From Wikipedia: frozen dessert: Frozen dessert is the generic name for desserts made by freezing liquids, semi-solids, and sometimes even solids. They may be based on flavored water (shave ice, sorbet, snow cones, etc.), on fruit purées, on milk and cream (most ice creams), on custard (frozen custard and some ice creams), on mousse (semifreddo), etc. In the UK and Ireland, where the term "dessert" is uncommon, frozen desserts are referred to as "ices".
In some countries including Canada, the term is often used on products which are similar in taste and texture to ice cream, but which do not meet the legal definition of that term (often being made primarily with vegetable oils, i.e. mellorine, as opposed to milk or cream).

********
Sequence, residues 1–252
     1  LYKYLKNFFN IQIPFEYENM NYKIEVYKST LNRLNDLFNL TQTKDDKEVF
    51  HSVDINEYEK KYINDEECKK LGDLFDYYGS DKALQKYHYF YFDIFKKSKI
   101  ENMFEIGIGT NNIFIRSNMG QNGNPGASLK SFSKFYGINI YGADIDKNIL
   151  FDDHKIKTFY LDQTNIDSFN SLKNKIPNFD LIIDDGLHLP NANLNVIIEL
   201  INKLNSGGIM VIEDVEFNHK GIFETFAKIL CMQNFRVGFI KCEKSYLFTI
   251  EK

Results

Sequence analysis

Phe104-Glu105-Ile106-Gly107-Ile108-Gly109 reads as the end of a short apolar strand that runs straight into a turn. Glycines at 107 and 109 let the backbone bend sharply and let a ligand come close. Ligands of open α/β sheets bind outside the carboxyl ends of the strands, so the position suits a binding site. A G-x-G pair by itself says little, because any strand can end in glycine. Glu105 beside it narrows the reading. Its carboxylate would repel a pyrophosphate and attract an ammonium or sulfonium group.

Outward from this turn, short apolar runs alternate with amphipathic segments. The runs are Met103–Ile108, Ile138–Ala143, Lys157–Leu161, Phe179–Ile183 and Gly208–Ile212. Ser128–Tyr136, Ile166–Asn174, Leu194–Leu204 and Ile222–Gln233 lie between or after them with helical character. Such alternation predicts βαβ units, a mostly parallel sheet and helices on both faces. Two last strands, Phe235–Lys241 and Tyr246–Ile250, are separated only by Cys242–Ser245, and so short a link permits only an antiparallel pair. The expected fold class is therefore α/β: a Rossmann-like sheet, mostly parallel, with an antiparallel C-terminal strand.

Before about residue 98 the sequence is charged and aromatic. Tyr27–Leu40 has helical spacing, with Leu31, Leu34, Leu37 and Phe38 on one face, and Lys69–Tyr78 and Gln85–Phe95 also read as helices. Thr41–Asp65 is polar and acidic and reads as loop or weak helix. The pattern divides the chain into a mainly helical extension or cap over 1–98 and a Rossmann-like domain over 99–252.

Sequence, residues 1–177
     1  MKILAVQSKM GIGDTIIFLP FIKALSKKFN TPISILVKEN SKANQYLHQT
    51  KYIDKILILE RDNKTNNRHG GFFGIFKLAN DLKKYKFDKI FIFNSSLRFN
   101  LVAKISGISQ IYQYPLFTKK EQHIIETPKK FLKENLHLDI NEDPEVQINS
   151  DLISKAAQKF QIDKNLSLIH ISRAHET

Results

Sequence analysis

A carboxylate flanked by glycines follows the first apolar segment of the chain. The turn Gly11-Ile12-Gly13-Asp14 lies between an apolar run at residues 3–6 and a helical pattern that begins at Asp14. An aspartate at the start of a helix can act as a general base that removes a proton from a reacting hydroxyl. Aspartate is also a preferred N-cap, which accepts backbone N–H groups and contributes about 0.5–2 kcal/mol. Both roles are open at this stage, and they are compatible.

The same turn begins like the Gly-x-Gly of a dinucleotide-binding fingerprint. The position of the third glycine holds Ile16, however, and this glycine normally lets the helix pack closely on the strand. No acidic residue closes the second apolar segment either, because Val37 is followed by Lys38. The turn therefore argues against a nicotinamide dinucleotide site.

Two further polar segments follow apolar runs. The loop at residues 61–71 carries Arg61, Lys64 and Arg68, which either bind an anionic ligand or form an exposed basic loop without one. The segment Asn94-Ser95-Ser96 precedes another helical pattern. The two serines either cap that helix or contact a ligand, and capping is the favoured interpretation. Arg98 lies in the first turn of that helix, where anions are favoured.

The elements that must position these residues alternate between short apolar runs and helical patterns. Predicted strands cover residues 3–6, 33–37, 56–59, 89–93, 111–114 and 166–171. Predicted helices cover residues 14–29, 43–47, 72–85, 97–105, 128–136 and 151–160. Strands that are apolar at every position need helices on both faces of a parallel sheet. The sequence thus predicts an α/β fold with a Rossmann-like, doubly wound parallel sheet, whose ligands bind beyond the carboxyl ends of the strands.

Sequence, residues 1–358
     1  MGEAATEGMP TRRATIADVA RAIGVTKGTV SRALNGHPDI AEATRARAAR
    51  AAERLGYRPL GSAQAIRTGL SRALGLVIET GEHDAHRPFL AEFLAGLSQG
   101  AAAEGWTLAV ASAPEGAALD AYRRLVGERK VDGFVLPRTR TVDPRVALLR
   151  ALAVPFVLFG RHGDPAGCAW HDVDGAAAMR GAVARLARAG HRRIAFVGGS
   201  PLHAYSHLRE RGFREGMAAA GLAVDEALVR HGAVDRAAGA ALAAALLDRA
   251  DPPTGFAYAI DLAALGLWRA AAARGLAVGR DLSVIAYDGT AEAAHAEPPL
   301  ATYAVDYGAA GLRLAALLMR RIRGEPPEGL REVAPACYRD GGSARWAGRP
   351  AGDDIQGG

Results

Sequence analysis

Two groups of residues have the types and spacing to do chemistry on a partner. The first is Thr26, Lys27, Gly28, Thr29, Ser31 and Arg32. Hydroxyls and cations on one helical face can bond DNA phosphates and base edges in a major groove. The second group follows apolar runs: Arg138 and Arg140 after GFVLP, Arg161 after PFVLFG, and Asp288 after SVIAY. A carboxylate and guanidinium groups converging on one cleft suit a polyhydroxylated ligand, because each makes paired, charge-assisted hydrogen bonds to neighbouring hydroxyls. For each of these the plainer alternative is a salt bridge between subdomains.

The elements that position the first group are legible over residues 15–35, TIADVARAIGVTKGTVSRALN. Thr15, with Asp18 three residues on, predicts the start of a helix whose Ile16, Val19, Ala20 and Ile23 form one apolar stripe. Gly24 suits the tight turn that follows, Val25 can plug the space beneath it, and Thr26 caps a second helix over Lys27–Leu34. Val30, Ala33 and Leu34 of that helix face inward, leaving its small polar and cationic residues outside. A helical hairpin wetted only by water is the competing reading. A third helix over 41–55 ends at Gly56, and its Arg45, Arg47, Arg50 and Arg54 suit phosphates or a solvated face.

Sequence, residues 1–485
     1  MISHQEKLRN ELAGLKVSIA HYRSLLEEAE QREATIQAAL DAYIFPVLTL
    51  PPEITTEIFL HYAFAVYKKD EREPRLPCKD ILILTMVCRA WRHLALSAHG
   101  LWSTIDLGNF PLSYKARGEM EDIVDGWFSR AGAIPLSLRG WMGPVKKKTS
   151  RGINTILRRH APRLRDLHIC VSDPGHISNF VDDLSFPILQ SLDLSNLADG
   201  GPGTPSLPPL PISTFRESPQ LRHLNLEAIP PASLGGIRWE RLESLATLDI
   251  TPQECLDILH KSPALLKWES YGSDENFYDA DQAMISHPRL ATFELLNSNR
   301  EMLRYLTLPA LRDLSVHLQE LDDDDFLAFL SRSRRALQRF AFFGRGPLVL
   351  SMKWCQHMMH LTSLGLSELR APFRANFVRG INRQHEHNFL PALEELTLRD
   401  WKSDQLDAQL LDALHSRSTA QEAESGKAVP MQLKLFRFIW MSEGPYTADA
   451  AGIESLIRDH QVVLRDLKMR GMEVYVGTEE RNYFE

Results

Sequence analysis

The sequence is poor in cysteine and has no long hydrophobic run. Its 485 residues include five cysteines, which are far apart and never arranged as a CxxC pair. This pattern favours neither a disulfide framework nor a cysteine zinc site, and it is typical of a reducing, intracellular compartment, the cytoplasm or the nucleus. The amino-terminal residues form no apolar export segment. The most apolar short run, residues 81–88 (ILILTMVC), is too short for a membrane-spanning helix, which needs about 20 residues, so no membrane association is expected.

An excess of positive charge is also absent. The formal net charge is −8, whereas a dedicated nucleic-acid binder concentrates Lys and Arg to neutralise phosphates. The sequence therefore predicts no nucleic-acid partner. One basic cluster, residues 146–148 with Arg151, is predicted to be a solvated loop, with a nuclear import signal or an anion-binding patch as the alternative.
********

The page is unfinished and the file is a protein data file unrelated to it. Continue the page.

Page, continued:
No need to click the link -- that's all they have to say about frozen desserts. In some areas, you'll hear "ice cream and frozen desserts" to make the distinction because of the last paragraph of that Wiki article.
So many of these frozen treats exist nowadays. They are often defined by their packaging. Some are called ice-cream on a stick, frozen [flavor] on a stick, and I would have to ask the vendor for the names. I think that the vendors like to use the name frozen desserts for the batch because it gives the product an identity with a meal.